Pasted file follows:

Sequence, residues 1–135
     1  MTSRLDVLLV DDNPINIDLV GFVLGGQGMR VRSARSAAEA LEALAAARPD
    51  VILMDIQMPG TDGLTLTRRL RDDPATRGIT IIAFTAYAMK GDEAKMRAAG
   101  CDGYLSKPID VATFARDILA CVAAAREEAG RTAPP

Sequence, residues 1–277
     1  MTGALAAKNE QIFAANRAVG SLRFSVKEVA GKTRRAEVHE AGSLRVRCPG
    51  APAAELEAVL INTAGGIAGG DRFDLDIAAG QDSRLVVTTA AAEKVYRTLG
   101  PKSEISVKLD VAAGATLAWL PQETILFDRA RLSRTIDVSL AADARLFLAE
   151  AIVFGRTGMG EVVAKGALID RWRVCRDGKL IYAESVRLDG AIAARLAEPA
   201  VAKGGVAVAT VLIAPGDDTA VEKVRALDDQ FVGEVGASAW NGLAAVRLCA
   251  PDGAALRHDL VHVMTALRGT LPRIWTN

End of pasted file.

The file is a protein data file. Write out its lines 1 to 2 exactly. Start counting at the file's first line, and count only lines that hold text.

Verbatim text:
Sequence, residues 1–135
     1  MTSRLDVLLV DDNPINIDLV GFVLGGQGMR VRSARSAAEA LEALAAARPD